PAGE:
CommonBond project will provide 60 units of affordable housing

By Jane McClure

CommonBond Communities may proceed with its plan to build a five-story, 60-unit apartment building for low-income seniors at 830 S. Cretin Ave. The Saint Paul City Council on August 5 voted unanimously to uphold an appeal by the Highland Park-based nonprofit developer and overturn a Saint Paul Board of Zoning Appeals (BZA) decision to deny an open space variance for the project.

Work on the $14 million building is expected to begin in the late summer or early fall of 2021. The building will be one of the first to rise at Highland Bridge, the newly christened site of the former Ford Motor Company assembly plant in Highland Park.

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The building will be restricted to residents age 55 or older whose household incomes are at or below 30 percent of the Twin Cities area’s median. The building will have 48 one-bedroom and 12 two-bedroom apartments. Monthly rents will be $562 for a one-bedroom unit and $675 for a two-bedroom unit under the current levels set by the Metropolitan Council. Seven apartments will be earmarked for people who have been homeless. Twenty-nine off-street parking spaces will be provided. 

Located on the northeast corner of Bohland and Cretin avenues, CommonBond Communities’ five-story apartment building for low-income seniors will face Bohland Avenue.

“Part of the intent (of the open space requirement) is to not have large, monolithic buildings that fill entire lots,” said Merritt Clapp-Smith, who served as the city planner for the Ford site for more than a decade.

According to the master plan for the Ford site as adopted by the City Council, buildings are limited in the amount of the lot they can occupy. Without a variance, a minimum of 25 percent of CommonBond’s lot must be set aside for open space, whether it be gardens, a landscaped yard, walkways, patios, recreational facilities, play areas, decks or courtyards.

CommonBond has proposed devoting 16 percent of its 0.53-acre lot on the northeast corner of Cretin and Bohland avenues to open space. That is in addition to the surface parking lot that, while it does not meet the definition of open space, creates the appearance of open space, according to a city staff report.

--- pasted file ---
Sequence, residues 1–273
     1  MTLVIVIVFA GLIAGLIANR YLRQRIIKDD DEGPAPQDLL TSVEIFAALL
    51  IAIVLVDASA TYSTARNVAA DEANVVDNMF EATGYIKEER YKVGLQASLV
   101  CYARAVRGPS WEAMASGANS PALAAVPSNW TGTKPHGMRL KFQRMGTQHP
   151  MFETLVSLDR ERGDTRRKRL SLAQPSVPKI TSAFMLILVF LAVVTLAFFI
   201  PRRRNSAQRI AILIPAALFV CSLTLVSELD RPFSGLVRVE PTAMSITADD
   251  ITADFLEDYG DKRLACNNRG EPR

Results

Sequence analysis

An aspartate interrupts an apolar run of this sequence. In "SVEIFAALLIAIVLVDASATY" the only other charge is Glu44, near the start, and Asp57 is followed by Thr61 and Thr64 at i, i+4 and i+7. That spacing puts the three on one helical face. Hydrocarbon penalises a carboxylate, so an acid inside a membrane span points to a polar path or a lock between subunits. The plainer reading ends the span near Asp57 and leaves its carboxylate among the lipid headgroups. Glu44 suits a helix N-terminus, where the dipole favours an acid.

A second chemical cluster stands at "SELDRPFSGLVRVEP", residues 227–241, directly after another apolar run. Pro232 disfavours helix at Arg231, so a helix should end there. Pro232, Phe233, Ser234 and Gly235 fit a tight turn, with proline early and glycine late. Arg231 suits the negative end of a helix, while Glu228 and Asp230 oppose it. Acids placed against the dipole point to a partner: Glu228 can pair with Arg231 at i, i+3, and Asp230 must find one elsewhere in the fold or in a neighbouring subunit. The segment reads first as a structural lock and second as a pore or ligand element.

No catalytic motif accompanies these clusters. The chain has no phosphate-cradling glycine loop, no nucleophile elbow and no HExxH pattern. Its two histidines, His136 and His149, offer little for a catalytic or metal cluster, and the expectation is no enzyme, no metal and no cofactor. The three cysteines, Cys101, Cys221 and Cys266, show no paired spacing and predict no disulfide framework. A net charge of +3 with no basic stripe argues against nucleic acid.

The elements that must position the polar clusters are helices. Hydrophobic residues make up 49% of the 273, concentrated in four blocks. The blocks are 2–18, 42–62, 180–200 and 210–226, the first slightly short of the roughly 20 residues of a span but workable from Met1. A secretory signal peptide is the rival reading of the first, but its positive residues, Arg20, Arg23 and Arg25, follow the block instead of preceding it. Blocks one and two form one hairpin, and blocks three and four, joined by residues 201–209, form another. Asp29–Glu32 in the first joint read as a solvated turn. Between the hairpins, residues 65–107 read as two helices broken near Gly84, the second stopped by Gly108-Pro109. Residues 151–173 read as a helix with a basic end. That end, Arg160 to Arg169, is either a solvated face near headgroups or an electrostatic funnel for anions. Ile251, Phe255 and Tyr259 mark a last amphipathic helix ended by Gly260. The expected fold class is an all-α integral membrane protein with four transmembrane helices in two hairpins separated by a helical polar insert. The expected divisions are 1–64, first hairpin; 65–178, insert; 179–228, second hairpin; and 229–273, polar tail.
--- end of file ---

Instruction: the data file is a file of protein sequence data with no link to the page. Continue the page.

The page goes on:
“Part of the intent (of the open space requirement) is to not have large, monolithic buildings that fill entire lots,” said Merritt Clapp-Smith, who served as the city planner for the Ford site for more than a decade, before leaving the city’s Department of Planning and Economic Development in late 2017.

The open space variance had the support of the Highland District Council and local commercial property owners. However, the city received 166 letters in opposition to the variance.

“I find the attempts very sad to further gobble up minimally required open space,” writes Mount Curve Boulevard resident Renate Sharp. “The good health of our population and an attractive appearance of the neighborhood are indispensable to quality of life.”

“Every single variance requested is a complete contrast to what was promised to the community,” writes Pinehurst Avenue residents Laura and Tim Donovan.

In the appeal, CommonBond senior project manager Justin Eilers cited the difficulties of achieving the design goals of the Ford site’s master plan. According to him, meeting the open space requirement is constrained by the dimensions of the lot, the street frontage, the relatively steep slope of the property and the underlying bedrock.

“The open space is limited largely because of the need to provide the required parking at the surface rather than structured within the building,” Eilers said. “However, providing structured parking in lieu of the current surface parking design would lead to a solution that actually compromises rather than enhances the site and building design.”

Adding underground parking to meet the open space requirement would not only affect the building’s design but add to construction costs, Eilers said. CommonBond has estimated the increased cost of adding underground parking at $1,339,000, or $22,317 per apartment.

One argument that BZA members made in rejecting the lot coverage variance was the desire to provide CommonBond’s tenants with more open space. However, the variance will not affect the amount of public parks, trails and other open spaces that are planned for the 122-acre Highland Bridge, according to Ward 3 City Council member Chris Tolbert. Due to the practical difficulties posed by the site, the variance is justified, Tolbert said.

While she supported CommonBond’s appeal and the provision of affordable senior housing at Highland Bridge, Ward 7 City Council member Jane Prince said city officials may want to revisit the zoning requirements in the Ford site’s master plan. “We’re seeing variance after variance after variance,” Prince said. “Variances are supposed to be exceptions to the rule.”

The open space lot coverage variance is one of two variances CommonBond requested for the project. The BZA in June approved a setback variance along the north property line between the CommonBond building and a larger proposed mixed-use building to the north. A four-foot setback is required and a two-foot setback was approved.


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